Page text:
He should take advantage of the perspective from the top floor of a bus. Forrister’s car lingered in Foley’s Vehicular Care Centre for its annual medical but he had to put in a work appearance.

Green vinyl seats as opposed to his red leather but not bad. His nose expected sour milk odours—a foolish bias, so his eyebrows arched with surprise as fresh air slapped his face from the open top windows. Even so, those reasons for individual travel, cocooned in his Ford, came to him—personal space, sublime solitude listening to opera. He sought the least offensive fellow traveller. The beard looked normal enough: its owner gazing through a demisted circle on the window as London glided past.

An uncomfortable moment passed as Forrister obliged the window-side occupant to move a corner of his coat and shuffle up. In his car, Forrister would by now have tuned in to Classic FM talking back, unheard, to the presenter, so he turned to his companion.

“Cold, today.”

No response. Could be his new friend had defective hearing but more likely incredulous anyone had the temerity to strike up a conversation. Twenty minutes before disembarking—he had to give it another shot.

“Hey, there’s Putney Cinema. Don’t go in Screen Three, it’s squeezed in between One and Two—you only hear the other two films and at the same time!”

“Grooten!”

“Pardon?”

“For—is that all?” Beard conversed all right but in gibberish and to the window. Suddenly, Forrister’s head received a blow from behind as a robust woman thrust her elbow over the seat.

She treated Forrister to a cloud of gardenia fragrance.

“Grooten?” She barked. Beard turned, looked at her and nodded.

What? He hadn’t appreciated the rapidity of language development since he last used public transport. Contorted out of recognition. Forrister couldn’t participate. The woman had slumped back into her seat and the beard brushed again at the condensation. Forrister had to try again.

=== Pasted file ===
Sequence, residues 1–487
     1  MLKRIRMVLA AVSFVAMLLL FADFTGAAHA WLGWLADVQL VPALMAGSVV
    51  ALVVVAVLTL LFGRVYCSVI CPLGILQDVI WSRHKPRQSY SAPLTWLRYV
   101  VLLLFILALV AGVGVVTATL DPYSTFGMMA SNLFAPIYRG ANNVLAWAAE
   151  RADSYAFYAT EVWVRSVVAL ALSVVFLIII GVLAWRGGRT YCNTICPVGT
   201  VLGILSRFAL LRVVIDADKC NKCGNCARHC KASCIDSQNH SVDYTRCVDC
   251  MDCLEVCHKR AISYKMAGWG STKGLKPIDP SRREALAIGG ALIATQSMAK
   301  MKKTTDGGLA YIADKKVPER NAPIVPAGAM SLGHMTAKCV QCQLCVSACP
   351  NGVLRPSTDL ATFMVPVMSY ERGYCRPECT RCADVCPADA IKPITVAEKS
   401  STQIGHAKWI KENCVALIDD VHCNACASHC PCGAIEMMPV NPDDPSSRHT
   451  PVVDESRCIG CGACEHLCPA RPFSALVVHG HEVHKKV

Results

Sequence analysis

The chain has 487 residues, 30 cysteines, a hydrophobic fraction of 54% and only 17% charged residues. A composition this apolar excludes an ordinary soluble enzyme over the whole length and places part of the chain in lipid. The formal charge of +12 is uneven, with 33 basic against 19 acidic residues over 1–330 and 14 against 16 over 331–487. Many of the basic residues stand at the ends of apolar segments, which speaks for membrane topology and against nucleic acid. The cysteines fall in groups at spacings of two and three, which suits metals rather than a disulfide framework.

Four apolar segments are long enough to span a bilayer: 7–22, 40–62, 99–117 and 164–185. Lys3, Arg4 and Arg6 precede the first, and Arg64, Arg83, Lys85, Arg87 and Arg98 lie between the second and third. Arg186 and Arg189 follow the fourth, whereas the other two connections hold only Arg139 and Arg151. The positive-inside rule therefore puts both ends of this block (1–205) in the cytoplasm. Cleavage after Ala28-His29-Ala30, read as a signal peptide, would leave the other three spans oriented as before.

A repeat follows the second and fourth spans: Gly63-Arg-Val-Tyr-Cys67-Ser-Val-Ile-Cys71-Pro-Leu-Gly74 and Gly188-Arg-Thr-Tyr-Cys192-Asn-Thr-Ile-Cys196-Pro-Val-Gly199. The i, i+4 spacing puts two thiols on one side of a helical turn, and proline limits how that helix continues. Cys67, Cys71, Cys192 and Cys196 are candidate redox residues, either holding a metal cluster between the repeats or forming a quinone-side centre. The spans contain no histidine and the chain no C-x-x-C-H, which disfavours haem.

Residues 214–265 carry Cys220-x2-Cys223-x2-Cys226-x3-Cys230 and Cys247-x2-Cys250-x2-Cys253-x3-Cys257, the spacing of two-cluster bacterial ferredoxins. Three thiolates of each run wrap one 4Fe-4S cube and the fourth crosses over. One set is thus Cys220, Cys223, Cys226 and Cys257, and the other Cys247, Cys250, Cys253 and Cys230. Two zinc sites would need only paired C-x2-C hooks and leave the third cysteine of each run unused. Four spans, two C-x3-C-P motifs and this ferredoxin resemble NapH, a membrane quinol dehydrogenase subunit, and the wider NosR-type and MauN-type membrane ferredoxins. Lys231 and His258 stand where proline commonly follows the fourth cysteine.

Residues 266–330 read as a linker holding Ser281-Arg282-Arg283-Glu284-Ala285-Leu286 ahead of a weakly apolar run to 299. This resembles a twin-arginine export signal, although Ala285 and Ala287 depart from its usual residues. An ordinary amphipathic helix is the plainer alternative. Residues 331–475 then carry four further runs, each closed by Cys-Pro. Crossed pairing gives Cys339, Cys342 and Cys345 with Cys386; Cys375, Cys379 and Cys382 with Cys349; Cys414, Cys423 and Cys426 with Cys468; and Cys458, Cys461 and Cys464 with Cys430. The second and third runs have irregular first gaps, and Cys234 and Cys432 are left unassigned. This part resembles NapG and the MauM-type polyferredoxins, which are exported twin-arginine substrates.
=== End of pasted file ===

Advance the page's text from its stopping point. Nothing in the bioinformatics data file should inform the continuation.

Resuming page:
“Full today then,” Forrister said, sketching a wave at the one empty seat.

Nothing.

Then: “Jaffa. Man…”

“I have an orange. Would you like a piece?”

Before the Beard could reply, the elbow dented Forrister’s head again.

“Grooten?” she asked. He shook. She re-slumped.

Dejected, Forrister re-bagged the orange, stood and weaved his way to the winding stairs, three stops early. Before the descent he glanced back.

The woman took Forrister’s seat. Beard took an ear-piece out of his left ear.

And shared the cricket.

About the Author

Geoff Nelder is a professional liar, badass editor, and fiction competition judge. He was awarded Fellow of the Royal Meteorological Society for his research into air pollution and microclimates and used his students as unpaid researchers to discover urban heat islands in Yorkshire towns and villages. He taught now-out-of-date Geography and IT to the ungrateful alive but escaped on his bike to write.

His publications include science fiction novels Exit, Pursued by Bee and the ARIA trilogy; and thrillers: Escaping Reality, and Hot Air. Many of his short stories have found homes in mags such as The Horror Zine, Perihelion, Ether Books, Encounters, Jimston Journal, Delivered, Screaming Dreams and many anthologies such as Monk Punk, Science Fiction Writers’ Sampler (with Gregory Benford and David Brin), Twisted Tails, and Zombified.

His non-fiction include books on climate and he co-wrote How to Win Short Story Competitions.

chaosofmokiiLatest is an experimental science fiction short story, The Chaos of Mokii, published as an ebook by Solstice Publishing at http://mybook.to/ChaosOM

Links:

Where can we buy the books?

Geoff’s UK Amazon author page http://www.amazon.co.uk/Geoff-Nelder/e/B002BMB2XY

And for US readers http://www.amazon.com/Geoff-Nelder/e/B002BMB2XY

How can we follow you on Facebook?

http://www.facebook.com/geoffnelder

http://www.facebook.com/AriaTrilogy

Twitter Handle? @geoffnelder

GoodReads? As Geoff Nelder

Website: http://geoffnelder.com

Are there any other sites we should know about?

http://nelderaria.wikia.com/wiki/NelderAria_Wiki

http://www.sf-encyclopedia.com/entry/nelder_geoff

That’s it, thanks for reaching this far, if you did. May the rest of your life be deliriously wicked in the best possible way.